We recently reported how an attacker leveraged the servers of anti-DDoS services to launch a massive DDoS attack. This signifies a shift in the DDoS landscape, with the attacks getting more sophisticated. Here’s a bird’s eye view of this particular mode of cyber attack.
Distributed Denial-of-Service (DDoS) are quite easy to launch. An attacker needs access to a sizable botnet network, computers turned into slaves and sending requests to the target at his command. By using this network, the attacker launches a barrage of requests to the target machine and overwhelms it, thus either making it inaccessible to other users or managing to crash it altogether.
In the past, DDoS attacks have taken down sites, targeted banks and other financial organizations, and in all cost the victims millions of dollars. The tricky part is that attackers are now increasingly using DDoS attacks to distract the digital security team of a given organizations, so that they can meanwhile inject malware. Once the malware is injected into the target network, attackers can then accomplish a whole lot of tasks, including stealing sensitive information, erasing or altering data and even making the target network a part of the wider botnet.
This is substantiated by hard facts. Back in 2013, nearly 55% of DDoS victims also reported data theft while 49% stated that the attackers installed a malware or a virus on their machines during the DDoS attack.
The big question is, is there an effective cure to the DDoS attacks, especially at the scale we have recently witnessed. For instance, in the example mentioned at the start of the article, 1.5 billion requests per minute were launched to overwhelm the target machines. This has sounded alarm bells in the digital security community.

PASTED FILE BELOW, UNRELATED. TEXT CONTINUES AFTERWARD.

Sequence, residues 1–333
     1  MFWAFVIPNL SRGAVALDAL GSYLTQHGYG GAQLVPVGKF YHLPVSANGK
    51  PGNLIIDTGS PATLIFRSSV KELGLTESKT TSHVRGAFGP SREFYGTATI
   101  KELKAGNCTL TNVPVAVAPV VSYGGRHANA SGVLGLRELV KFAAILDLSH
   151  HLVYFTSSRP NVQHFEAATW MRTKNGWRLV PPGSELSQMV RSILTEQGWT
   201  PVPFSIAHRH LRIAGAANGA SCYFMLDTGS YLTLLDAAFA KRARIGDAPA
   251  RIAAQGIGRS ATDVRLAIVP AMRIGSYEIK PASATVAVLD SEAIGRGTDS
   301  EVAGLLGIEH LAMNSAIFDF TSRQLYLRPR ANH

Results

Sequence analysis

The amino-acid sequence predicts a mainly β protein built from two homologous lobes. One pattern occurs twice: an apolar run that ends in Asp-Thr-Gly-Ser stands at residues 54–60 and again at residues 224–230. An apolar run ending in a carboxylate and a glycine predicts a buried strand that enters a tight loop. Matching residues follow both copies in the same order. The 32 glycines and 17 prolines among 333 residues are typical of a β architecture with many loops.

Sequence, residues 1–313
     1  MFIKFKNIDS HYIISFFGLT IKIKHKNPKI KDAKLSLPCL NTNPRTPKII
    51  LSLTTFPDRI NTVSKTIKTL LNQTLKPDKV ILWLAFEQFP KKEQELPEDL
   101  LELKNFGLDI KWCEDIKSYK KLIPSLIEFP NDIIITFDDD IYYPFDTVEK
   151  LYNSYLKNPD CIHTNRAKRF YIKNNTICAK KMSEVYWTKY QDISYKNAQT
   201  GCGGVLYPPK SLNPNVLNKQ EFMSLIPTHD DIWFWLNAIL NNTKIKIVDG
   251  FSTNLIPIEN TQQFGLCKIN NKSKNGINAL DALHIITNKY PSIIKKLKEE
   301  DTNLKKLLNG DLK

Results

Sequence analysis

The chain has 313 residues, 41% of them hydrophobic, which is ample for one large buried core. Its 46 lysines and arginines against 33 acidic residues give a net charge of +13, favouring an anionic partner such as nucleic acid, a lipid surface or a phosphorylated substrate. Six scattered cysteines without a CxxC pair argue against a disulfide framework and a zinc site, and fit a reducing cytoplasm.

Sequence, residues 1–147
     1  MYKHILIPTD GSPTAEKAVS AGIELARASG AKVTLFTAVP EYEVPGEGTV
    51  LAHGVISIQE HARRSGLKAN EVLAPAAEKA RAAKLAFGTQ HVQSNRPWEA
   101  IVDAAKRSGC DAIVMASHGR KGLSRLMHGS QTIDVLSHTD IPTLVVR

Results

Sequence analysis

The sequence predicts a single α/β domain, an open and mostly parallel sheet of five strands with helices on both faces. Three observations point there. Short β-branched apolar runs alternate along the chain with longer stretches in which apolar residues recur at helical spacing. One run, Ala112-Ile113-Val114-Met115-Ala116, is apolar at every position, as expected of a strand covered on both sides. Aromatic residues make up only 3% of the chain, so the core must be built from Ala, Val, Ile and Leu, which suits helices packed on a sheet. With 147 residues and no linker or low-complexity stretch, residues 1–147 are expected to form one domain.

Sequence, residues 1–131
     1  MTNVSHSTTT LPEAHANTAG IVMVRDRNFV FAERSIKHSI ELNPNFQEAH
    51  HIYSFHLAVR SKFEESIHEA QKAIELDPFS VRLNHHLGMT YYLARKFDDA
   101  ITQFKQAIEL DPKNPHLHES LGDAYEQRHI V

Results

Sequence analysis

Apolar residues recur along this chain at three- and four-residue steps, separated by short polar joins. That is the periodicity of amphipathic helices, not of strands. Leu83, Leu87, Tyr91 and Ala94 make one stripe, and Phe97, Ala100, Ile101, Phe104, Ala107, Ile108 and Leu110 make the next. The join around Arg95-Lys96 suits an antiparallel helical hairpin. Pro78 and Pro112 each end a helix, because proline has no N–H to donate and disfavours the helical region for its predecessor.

However, Shay Rapport of the security firm Fireblade, says that we need to look differently at the numbers. Speaking about the latest major DDoS attack, he says, “If the attacked resource was a web server, DNS requests and UDP traffic would normally be blocked by any standard firewall. Therefore, the figure presented, of how many (meaningless) DNS requests were made is irrelevant. Those requests are “noise” and the only figure that can reflect the volume of the attack would be the Gbps at its peak and whether it could overwhelm the attacked network infrastructure (volumetric attack). Unfortunately this figure has not been exposed.”
Rapport’s company is leading the charge in devising cutting-edge anti-DDoS solutions. Given the looming threat, there is a pertinent need to devise better tools of monitoring the DDoS attacks in real-time. Multiple solutions should be available to counter different DDoS scenarios so that the security tools can be adapted to the specific kind of attack that is being launched. Such improvisation is the critical need of the hour.